Flame trees in the canopy and on its margin have had low and prostrate branches pruned, several small trees have died and their decaying bases uprooted easily. Two small stands in the native canopy margin, comprising four tall but slender trunks, have been ringbarked after inspection and authorisation by the Community Ranger and Arborist.

Tradescantia has been mostly removed, ie as much as current soil moisture levels permit, from most of the canopied area, and controlled on the steep sunlit banks above: CHF Bank, now mostly covered by young native trees and shrubs, and Flame Tree bank, where a fallen Flame Tree c. 15 gm H x 40cm D, still live but weakened by ongoing suppression through partial cutting through of branches, has been gradually reduced since Dec 2019 to the lower half of its trunk and one major branch. Most of the removed material has decomposed already, and the remainder is contained, decaying in a single loose pile on high dry ground.

The forest beyond its sun-exposed margin has been thoroughly weeded and is producing many seedlings of species found in the older forest, including many totara and tanekaha, with occasional rewarewa, kauri and kahikatea.

In the third year of the Trial, very little time has been needed for the control of environmental weeds in the initial Gahnia Grove site, while much time has been spent in maintaining and creating soil moisture and shade, and in monitoring and assessing the results of techniques and strategies used to date.

In the same time period throughout the combined area of the Trial - Gahnia Grove (begun June 2018), Tanekaha Ridge (begun June 2019) and Rimu Ridge (begun August 2019) - less time has been required for weed control than for the mitigation of increased heat, sun and drought, through the application of weeds as mulch and the creation of biodegradable shade-screens constructed from plant materials provided by the site.

Benign exotics retained for shade and shelter of regenerating natives have in Autumn 2021 been almost entirely culled, with the exception of Plantains which provide excellent small ground cover between natives and compete splendidly with kikuyu at the mown edge.

Depending on rainfall and sunlight intensity in the coming seasons, the currently established native revegetation, with the recently constructed screens of bamboo poles and harakeke prunings in the ridgetop areas exposed to afternoon sun, may provide sufficient shade and shelter for the continued successful development of seedlings and juveniles. If necessary some Verbena, oxtongue and wild carrot will be allowed to regrow where needed.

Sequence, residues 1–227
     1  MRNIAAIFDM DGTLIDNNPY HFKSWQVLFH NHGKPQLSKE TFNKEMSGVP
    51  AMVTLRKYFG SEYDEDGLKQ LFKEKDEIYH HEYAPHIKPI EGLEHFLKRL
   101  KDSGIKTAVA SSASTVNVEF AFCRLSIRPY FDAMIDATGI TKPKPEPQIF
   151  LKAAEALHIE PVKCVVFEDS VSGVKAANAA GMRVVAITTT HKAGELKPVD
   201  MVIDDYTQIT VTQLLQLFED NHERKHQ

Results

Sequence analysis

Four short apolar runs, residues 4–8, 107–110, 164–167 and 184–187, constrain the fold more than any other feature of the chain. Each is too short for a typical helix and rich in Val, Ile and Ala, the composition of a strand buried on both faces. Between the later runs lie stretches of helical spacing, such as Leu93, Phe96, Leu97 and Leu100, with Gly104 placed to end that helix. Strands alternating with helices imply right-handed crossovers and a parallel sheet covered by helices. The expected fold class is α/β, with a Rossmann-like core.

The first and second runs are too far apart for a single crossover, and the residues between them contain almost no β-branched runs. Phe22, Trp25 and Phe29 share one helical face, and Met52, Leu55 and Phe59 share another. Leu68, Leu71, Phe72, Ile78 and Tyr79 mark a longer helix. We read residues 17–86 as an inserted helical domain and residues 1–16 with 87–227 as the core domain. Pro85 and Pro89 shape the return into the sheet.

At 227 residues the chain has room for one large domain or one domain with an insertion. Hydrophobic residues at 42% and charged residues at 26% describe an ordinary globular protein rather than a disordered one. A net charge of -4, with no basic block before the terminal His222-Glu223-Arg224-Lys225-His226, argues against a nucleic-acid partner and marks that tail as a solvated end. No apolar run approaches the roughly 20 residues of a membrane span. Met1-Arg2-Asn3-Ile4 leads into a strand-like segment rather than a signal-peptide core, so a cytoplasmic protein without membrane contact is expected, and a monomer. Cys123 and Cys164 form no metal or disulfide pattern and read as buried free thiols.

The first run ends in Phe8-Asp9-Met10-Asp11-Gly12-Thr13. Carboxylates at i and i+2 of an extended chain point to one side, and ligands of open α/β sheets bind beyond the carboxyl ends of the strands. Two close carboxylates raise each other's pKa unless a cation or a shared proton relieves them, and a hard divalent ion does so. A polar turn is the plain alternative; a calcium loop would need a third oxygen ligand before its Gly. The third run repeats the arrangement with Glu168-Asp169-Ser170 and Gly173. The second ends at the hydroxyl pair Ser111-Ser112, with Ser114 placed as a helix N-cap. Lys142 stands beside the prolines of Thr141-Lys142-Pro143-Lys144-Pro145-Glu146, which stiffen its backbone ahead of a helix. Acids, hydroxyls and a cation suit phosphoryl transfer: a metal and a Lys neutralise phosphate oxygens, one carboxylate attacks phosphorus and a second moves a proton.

The kikuyu technique, in particular, has been surprisingly effective in eradication, more time-efficient than expected, and would be very valuable in the preparation and maintenance of both passive restoration and plantings.

One major cost benefit of the method is that, since the released area is immediately plantable and free from reinvasion, much smaller plants can be successfully planted. This has been shown by several 4-10 cm H tree, shrub and grass seedlings planted in early summer 2020 within 30 cm of the mown kikuyu, in May 2021 they remain weed-free, and are now 30-40cm +H, robust and vigorously growing, some in full sun and some shaded by other native herbs and shrubs.

The mown sward will of course require ongoing control along the edge. Methods we are trialling are aimed at inhibiting the invasion where shade is not yet, or is not planned to be, established.

Particularly helpful so far have been dense plantains, (both broad and narrow-leaved). We have yet to see the establishment at the mown-edge of the creeping ground cover Nahui, and the native grass Microlaena stiploides.

Among the trees, mapou shows the most drought-tolerance, resilience to damage and disease, and dense, light-excluding foliage from ground up. Thus in the remaining treeless areas near the top of the ridge we are aiming to provide the conditions most suited to mapou seedling establishment, with initial ground cover by the prolifically germinating, quick-growing, but short-lived karamu.

Posted on May 29, 2021 10:00 PM by kaipatiki_naturewatch kaipatiki_naturewatch | 0 comments | Leave a comment

March 25, 2021

Wasps in the roadside areas of Gahnia Grove

There are a huge number of wasps in the sunlit area alongside the road opposite 227 Glenfield Rd, foraging on the ground and entering the rawirinui in the canopy, only about 4m H here. Densities in sunny periods are such that we dare not disturb the ground litter and mulch, which we know covers many cracks in the ground after prolonged soil moisture deficit, and care has to be taken, walking slowly and scanning, to avoid bumping onto them, with several passing each second at times.

Contractors for Council have removed two small paper wasp nests from beside the cordon where they were encountered while pruning a toatoa and low branches of a totara. A search of the surrounding area by the contractor has not disclosed any Vespula wasp flight paths of sufficient density to indicate immediate proximity of a nest, and we have now asked Council to bait the area with Vespex, since protein foraging activity appears to be high, and the likelihood of nests overwintering is extremely high in this location where temperatures remain high throughout winter.